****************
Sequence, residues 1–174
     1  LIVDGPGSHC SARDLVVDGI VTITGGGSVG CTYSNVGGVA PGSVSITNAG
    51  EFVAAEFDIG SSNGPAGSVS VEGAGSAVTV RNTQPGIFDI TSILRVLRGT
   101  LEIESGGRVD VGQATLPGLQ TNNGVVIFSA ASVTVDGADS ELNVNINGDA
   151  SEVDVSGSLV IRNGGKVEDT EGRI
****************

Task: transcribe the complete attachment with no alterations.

Sequence, residues 1–174
     1  LIVDGPGSHC SARDLVVDGI VTITGGGSVG CTYSNVGGVA PGSVSITNAG
    51  EFVAAEFDIG SSNGPAGSVS VEGAGSAVTV RNTQPGIFDI TSILRVLRGT
   101  LEIESGGRVD VGQATLPGLQ TNNGVVIFSA ASVTVDGADS ELNVNINGDA
   151  SEVDVSGSLV IRNGGKVEDT EGRI